Apple Reportedly In Talks To Buy Cobalt Directly From Miners

Apple Reportedly In Talks To Buy Cobalt Directly From Miners

Apple Reportedly In Talks To Buy Cobalt Directly From Miners

Previously, the company relied on its battery suppliers to buy cobalt, the report said.

Apple may be looking to ensure it has adequate supplies of an essential ingredient of its iPhone batteries. Lots of industries require Cobalt, which is used in making Lithium Ion batteries and its shortage could mean that the competition would have to pay more to get this crucial element.

Cobalt prices have skyrocketed of late due to an expected growth in demand for electric vehicles powered by lithium-ion batteries.

Companies from BMW and Volkswagen to battery producer Samsung SDI are racing to sign multiyear cobalt contracts deals to ensure they have sufficient supplies of the metal to meet ambitious targets for electric vehicle production.

A new report from Bloomberg details that Apple is looking to secure a deal that is set to last for at least five years.

The price of cobalt has more than tripled in the past 18 months to trade at more than US$80,000 a metric tonne. South Korea's top oil refiner, SK Innovation Co., agreed to a deal this week of $3.9 billion with Australian Mines Ltd. BMW is also close to securing a 10-year supply deal.

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A second benefit of direct control over the cobalt supply-chain right from the mines onward would be that Apple could guarantee compliance with its supplier standards.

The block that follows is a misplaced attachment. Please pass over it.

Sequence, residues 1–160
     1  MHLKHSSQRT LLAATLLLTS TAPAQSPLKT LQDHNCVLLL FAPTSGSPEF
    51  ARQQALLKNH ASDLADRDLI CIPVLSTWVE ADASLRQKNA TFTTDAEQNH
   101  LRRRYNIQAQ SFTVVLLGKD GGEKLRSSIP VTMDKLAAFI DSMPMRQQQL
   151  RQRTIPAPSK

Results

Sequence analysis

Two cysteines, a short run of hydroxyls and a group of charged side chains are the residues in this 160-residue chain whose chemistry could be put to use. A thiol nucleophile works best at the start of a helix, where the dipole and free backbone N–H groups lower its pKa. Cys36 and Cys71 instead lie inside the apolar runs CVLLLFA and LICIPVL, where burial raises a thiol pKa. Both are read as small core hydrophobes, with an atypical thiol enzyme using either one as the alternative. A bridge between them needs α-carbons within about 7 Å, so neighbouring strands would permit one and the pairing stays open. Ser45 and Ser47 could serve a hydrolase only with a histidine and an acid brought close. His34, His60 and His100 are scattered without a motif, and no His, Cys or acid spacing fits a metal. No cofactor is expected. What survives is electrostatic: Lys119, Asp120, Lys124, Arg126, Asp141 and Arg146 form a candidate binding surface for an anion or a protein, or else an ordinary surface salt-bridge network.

Cobalt demand from the electric vehicles industry is also forecast to grow from to 95,000 tonnes by 2026 from 12,000 tonnes past year, according to consultancy CRU.

"The problem has nothing to do with the amount of cobalt in the ground but rather the number of mines now producing cobalt", said Trent Mell, CEO of First Cobalt Corp, the world biggest cobalt exploration company.

Declining to be named as the discussions are confidential, the source said that the firm is in first discussions on cobalt deals with miners were more than a year ago, and it may end up deciding not to go ahead with any deal, another person said.

Apple is among the largest consumer of cobalt. Although Glencore - a name which may be familiar to you - is the biggest supplier, two-thirds of all cobalt supplies actually come from the Democratic Republic of Congo. In the past, the company is reported to have unwittingly bought batteries containing cobalt mined using child labor.

Apple has increased its engagement with cobalt miners in recent years due to scrutiny from global human rights organizations.

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